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Microsoft may announce next generation of Xbox on May 21

The new console could be pricey and require an "always on" Internet connection.

Lance Whitney Contributing Writer
Lance Whitney is a freelance technology writer and trainer and a former IT professional. He's written for Time, CNET, PCMag, and several other publications. He's the author of two tech books--one on Windows and another on LinkedIn.
Lance Whitney
2 min read

Microsoft will spill the beans on its next-generation Xbox at an event on May 21, according to Windows blogger Paul Thurrott and a report from The Verge.

Originally scheduled for April, the event was pushed back to May, sources have told the Verge.

That echoes similar information from Supersite for Windows writer Paul Thurrott. In an interview with the video blog "What the Tech" on Friday, Thurrott said that Microsoft had planned to announce the new console on April 24 but then rescheduled the event for May 21. In the video clip of the show, Thurrott's comments about the next Xbox start at the 54:44 mark.

The Verge's sources claim the event will be a small one, offering the first details on the next Xbox, code-named Durango. Microsoft reportedly will unveil the console at the E3 event in Los Angeles in June, with the product hitting shelves later in the year.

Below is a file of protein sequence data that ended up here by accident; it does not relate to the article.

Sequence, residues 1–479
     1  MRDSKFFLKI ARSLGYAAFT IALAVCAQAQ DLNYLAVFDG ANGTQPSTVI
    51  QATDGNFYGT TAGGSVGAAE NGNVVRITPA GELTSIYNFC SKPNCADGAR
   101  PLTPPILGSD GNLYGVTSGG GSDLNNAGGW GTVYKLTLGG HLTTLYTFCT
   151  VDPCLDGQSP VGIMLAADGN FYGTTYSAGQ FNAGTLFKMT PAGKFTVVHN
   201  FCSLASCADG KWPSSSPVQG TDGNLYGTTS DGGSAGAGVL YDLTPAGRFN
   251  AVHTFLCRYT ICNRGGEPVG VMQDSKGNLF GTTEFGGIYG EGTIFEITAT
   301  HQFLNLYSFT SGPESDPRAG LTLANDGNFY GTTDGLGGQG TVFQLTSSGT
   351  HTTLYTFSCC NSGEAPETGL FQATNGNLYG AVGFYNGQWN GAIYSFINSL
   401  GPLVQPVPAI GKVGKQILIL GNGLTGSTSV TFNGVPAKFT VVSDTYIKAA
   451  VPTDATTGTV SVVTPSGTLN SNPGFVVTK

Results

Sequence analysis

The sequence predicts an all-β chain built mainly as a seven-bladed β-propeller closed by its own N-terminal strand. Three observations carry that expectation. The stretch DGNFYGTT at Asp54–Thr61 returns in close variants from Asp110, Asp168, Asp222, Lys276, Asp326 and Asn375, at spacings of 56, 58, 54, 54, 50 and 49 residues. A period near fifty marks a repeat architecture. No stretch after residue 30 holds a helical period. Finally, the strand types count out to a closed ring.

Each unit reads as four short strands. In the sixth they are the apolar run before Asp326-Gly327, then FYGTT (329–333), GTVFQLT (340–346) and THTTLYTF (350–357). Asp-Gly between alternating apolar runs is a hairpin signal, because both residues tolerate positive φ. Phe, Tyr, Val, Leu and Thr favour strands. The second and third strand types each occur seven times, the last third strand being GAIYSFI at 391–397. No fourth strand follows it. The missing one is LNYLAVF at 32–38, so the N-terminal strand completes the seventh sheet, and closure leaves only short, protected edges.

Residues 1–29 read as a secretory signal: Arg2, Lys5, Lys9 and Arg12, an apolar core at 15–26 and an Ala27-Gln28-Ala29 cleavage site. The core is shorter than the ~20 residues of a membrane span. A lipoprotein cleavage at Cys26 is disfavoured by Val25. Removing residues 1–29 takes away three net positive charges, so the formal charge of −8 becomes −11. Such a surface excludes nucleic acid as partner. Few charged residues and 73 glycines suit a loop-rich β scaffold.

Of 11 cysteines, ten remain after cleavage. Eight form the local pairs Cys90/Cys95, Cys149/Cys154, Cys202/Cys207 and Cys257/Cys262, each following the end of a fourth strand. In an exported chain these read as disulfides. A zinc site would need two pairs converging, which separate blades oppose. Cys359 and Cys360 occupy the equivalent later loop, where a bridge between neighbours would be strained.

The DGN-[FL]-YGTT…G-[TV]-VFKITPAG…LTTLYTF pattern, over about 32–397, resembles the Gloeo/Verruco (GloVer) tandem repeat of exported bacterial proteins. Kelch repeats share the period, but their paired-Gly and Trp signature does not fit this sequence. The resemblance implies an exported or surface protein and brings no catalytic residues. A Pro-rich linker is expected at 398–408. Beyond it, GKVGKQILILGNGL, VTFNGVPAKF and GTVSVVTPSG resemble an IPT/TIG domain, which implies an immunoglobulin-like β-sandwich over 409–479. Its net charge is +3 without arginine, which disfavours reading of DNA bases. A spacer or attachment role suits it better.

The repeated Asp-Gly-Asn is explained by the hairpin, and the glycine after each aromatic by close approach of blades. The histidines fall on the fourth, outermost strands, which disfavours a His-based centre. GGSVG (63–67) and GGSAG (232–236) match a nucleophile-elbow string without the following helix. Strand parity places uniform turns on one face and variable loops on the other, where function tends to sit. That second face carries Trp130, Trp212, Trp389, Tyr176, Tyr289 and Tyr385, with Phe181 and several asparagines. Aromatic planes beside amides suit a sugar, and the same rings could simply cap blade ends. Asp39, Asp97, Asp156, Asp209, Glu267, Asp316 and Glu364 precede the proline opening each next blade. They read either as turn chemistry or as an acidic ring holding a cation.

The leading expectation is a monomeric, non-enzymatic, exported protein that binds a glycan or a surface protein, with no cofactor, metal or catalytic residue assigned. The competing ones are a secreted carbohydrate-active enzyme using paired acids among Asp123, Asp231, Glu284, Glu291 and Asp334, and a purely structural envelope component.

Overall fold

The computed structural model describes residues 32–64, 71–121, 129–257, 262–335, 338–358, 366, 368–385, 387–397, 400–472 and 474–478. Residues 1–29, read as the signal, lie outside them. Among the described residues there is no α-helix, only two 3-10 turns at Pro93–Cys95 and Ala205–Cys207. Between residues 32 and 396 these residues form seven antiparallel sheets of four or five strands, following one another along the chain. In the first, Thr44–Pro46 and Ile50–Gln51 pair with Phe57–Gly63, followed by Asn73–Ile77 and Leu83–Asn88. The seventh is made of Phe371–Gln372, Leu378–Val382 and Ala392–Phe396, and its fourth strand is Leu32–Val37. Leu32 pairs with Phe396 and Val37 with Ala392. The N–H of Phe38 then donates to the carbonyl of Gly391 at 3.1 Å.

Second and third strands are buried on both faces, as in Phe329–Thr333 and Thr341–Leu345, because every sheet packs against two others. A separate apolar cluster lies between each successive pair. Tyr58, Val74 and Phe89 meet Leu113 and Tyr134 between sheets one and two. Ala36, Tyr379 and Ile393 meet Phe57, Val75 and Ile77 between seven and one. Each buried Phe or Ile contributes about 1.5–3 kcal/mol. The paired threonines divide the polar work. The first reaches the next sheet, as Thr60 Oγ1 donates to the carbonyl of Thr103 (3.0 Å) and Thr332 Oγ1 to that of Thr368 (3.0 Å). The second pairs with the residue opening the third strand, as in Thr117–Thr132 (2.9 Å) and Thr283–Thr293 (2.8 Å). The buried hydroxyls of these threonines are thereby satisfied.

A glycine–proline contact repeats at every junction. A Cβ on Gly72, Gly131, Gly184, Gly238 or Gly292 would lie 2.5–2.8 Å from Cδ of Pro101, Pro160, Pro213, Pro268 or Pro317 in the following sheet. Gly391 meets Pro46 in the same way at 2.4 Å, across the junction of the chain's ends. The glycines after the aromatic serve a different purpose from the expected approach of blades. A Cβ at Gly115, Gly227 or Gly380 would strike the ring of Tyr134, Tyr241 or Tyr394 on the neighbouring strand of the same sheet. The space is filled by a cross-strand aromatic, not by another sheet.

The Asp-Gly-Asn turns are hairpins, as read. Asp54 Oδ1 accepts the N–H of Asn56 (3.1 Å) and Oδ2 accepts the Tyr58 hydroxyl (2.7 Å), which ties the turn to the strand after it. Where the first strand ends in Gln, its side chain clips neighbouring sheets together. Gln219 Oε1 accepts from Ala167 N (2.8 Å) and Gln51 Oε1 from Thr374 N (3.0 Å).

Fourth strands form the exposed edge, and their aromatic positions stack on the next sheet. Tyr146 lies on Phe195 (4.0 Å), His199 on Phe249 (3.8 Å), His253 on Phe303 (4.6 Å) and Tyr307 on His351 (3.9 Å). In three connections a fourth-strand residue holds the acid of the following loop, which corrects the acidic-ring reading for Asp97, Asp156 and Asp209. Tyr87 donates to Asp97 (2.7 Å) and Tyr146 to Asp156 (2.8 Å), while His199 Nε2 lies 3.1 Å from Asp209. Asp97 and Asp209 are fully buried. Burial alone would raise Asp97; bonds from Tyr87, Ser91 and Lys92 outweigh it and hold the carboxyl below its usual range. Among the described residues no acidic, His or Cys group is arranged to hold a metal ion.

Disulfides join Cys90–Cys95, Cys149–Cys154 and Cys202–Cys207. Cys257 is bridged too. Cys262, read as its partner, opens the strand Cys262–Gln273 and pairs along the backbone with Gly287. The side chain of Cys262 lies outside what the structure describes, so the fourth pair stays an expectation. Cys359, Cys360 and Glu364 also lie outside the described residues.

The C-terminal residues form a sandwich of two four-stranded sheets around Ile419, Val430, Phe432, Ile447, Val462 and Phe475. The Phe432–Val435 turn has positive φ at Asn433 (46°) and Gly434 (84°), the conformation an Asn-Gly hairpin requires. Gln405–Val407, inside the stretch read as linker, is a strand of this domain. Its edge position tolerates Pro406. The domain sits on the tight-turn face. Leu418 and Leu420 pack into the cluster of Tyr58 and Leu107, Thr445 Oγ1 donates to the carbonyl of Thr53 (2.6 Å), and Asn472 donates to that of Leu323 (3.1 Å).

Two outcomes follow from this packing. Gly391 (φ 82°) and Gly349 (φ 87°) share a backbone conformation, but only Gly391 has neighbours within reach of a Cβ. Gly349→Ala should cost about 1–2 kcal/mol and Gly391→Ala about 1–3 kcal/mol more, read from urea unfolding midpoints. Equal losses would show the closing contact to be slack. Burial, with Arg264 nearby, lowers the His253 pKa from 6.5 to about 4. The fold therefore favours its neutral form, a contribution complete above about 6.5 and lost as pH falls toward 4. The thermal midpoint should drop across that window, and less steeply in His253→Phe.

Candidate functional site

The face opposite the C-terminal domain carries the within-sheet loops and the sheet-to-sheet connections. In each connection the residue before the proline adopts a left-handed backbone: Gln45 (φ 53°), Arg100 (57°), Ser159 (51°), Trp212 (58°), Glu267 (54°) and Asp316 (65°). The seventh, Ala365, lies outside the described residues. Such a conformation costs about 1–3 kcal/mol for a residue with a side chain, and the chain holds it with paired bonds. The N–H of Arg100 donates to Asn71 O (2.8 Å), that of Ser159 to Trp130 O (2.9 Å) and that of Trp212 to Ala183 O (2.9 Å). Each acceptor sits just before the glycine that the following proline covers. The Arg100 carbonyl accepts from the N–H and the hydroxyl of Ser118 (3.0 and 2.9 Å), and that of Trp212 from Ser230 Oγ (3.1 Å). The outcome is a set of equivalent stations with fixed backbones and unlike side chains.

Thurrott added even more to mull over. He said "Durango" is likely to be expensive -- $500 for the regular console itself and $300 for a subscription-based model.

Thurrott also chimed in on the controversy over rumors that the next Xbox would require an always-on Internet connection. A creative director with Microsoft Studio got himself into hot water last week when he told people upset over such a requirement to just "deal with it."

If the requirement is true, what does an "always on" connection mean? Even Thurrott isn't sure. But he did say that his previous notes on the device specifically state: "Must be Internet connected to use." He didn't reveal where he got this tidbit, but Thurrott has a good track record for uncovering accurate information about Microsoft's plans.

Microsoft could have more than one console up its sleeves.

Thurrott previously had said that Microsoft will update the Xbox 360 and sell it for $99. Such a development may suggest that the new-generation Xbox won't be able to play 360 games, but that's speculation on Thurrott's part. A $99 Xbox 360 also could be positioned as a cheaper entertainment console to compete with Roku and similar devices.

Finally, Thurrott is citing an early November release for the next Xbox, just in time to lure in holiday shoppers.

Microsoft has yet to reveal or confirm any details about the next Xbox. A spokesperson sent CNET this statement today: "We do not comment on rumors or speculation. We are always thinking about what is next for our platform, but we don't have anything further to share at this time."

Correction at 8:50 a.m. PT: $300 is the rumored price for a subscription-based Xbox.

Updated at 10:00 a.m. PT with response from Microsoft.